We promised surprises at our food and science event in the Festival of Politics but we weren’t expecting to be quite so surprised ourselves. Who knew China is the biggest producer of potatoes in the world?
Well, Dr Glenn Bryan for one. Our speaker at the History of the Potato event revealed many little known facts about the far from humble tattie, which has come a very long way since it was first cultivated in Peru, 5,000 years ago, but perhaps that was the most startling one. Barely grown 20 years ago, potatoes have become an increasingly important crop in China enabling the government to lift many people out of poverty. Now China produces a quarter of the world’s potatoes, as Glenn told the audience in the Members Room at the Scottish Parliament.
In turn we had a surprise for the scientist whose day job generally involves long hours in the laboratory. Dr Bryan is one of the world’s leading experts on the biology of the potato – he heads the Potato Genetics and Breeding group at the James Hutton Institute in Dundee and led the British contingent of the international consortium which cracked the code of the potato genome. He arrived primed to give a PowerPoint presentation, but World Kitchen in Leith’s Mark Whitehead had another idea…
‘Never shared the stage with a chef before!’ tweeted @potatodoctor
Chilli pepper? Glenn tells Mark it’s a member of the potato family, Solanaceae
Undaunted, the geneticist gamely pocketed his mobile phone and joined the WKiL team on stage as Mark introduced a cookery demonstration of an African version of an Indian street food dish with Scottish potatoes. It was a typically multicultural WKiL fusion. Alice Musamba showed how potatoes can be transformed into an aromatic African curry while Vidya Burre rolled and cooked Indian rotis to wrap them in. Then Mark whisked up a coriander and mint relish and tamarind sauce to add extra zest, working against the clock. In true Master Chef style he wrapped it all up just in time to hand the floor (and a freshly made ‘Frankie’) to the speaker.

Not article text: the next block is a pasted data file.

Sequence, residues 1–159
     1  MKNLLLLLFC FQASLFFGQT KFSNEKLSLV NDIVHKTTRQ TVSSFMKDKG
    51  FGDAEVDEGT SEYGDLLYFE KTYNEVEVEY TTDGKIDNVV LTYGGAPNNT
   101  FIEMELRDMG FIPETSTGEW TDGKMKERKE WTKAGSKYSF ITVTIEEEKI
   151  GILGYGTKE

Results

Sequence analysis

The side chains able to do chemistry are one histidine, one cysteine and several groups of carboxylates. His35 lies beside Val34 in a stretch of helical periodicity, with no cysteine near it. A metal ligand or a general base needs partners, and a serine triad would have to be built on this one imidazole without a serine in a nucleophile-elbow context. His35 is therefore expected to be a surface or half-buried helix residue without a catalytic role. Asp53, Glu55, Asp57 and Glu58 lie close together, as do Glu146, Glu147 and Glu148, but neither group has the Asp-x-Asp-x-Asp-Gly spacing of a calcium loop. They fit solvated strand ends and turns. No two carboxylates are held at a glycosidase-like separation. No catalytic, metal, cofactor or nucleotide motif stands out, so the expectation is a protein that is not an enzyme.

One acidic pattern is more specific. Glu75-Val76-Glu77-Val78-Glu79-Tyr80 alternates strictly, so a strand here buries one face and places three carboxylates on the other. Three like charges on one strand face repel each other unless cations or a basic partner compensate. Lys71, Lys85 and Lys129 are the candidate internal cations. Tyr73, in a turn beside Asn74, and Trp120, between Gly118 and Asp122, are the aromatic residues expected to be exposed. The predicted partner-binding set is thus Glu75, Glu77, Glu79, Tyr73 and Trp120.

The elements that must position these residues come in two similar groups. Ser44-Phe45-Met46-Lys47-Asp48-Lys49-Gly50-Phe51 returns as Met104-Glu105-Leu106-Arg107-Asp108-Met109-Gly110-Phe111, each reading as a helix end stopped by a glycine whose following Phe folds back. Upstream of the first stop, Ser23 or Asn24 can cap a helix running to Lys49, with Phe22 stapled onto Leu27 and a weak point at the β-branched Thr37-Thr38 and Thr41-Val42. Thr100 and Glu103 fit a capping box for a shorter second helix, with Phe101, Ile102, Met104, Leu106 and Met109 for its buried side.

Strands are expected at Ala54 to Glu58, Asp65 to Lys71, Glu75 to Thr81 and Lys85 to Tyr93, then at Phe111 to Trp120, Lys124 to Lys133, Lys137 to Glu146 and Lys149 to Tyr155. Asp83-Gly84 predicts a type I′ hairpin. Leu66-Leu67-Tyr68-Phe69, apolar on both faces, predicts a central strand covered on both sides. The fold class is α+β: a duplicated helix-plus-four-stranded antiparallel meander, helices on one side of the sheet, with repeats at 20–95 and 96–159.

It was, to quote a friend, ‘a delightfully quirky combination’: not just the science, history and future importance of the potato, but geography, culture, cuisine and maybe even a little politics all blended into one action packed hour.
Naseem and Alice clear the stage
We are very grateful to the Festival of Politics and the enthusiastic support of their team who allowed us to fill the Members Room with spicy smells. And to Scottish Parliament Chef, Stuart Rose, who let us into his kitchen – WKiL had created an international menu of potato dishes and Stuart rustled up trays of samples made to Mark’s recipes.
Thanks, too, to a lovely responsive audience of more than 40 – more than we expected on a day when so much was happening in the parliament and the rest of the city – who joined in the discussion, asking questions and clearing the trays of canapés. As requested, we will follow up soon with recipes and slides from Glenn’s fascinating presentation. There is so very much more to say about the potato!
For more about potato research contact firstname.lastname@example.org
See other World Kitchen in Leith recipes HERE.